Edited by BZGuy

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On the North Shore, sidewalks aren't an issue. There are some parts of the South Shore without sidewalks, but I don't think you're required to have a stop right at the house.

 

I mean, it's not a rural area, so you're not going to get a long stretch without a sidewalk, unless it's a really isolated area. For most of the areas, it's just the main streets that don't have a sidewalk, and maybe some of the residential streets, but I don't think it's unreasonable for a 12 or 13 year-old to walk in the street if it's a little side street with no traffic.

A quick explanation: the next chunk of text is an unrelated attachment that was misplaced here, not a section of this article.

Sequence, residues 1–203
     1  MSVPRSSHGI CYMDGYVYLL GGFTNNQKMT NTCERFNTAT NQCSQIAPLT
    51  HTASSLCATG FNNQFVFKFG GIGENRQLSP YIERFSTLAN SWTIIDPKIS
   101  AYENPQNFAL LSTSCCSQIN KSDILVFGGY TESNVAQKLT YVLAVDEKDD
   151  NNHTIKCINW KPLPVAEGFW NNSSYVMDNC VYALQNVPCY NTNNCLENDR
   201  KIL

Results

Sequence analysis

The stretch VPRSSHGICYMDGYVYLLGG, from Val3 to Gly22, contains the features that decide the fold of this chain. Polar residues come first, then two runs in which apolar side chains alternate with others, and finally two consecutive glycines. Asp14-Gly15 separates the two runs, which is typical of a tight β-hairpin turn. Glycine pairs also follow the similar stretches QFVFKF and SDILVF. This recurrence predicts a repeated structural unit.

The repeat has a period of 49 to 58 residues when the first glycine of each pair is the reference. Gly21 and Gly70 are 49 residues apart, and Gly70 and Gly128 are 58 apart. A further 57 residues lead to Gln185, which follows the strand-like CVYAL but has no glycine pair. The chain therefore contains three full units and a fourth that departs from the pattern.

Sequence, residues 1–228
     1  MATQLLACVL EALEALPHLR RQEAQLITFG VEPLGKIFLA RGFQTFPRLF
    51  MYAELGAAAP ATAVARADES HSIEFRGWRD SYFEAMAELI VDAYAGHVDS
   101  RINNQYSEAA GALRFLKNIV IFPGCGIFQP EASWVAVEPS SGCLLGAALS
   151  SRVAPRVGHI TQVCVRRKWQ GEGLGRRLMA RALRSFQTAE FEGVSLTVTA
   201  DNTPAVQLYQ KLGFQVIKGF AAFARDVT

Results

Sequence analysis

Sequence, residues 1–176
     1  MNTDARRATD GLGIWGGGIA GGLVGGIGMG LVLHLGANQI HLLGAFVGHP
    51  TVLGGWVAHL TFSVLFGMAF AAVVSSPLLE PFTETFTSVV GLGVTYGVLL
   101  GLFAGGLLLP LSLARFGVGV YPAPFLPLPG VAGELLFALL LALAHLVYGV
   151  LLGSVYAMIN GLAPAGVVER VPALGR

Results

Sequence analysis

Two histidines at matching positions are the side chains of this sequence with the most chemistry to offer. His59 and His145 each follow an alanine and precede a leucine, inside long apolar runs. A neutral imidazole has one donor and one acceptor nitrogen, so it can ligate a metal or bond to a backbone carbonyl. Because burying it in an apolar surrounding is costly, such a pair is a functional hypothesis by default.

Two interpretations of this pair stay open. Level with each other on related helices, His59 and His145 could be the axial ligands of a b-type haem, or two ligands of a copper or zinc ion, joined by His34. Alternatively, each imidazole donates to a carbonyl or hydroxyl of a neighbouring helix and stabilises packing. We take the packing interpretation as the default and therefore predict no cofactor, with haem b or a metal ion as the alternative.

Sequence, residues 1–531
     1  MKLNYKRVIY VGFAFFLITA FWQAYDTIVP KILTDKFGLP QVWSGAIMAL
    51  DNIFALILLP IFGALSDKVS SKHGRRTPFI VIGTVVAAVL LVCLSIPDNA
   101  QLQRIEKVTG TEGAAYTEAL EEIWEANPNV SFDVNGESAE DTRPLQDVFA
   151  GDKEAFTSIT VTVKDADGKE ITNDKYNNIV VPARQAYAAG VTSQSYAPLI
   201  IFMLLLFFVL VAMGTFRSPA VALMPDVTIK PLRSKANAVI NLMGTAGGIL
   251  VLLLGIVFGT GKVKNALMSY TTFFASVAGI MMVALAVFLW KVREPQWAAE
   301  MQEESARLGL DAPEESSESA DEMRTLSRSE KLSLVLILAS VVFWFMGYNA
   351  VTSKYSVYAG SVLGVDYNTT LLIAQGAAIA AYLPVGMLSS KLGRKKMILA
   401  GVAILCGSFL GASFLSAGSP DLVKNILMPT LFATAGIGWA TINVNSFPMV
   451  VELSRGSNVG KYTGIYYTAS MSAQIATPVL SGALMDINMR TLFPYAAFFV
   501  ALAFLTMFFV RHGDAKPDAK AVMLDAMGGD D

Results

But in any case, if you have a stop where you have a bunch of homes clustered together, chances are there's a sidewalk there (I mean, if it's a condo complex or something, you just drop them off at the entrance).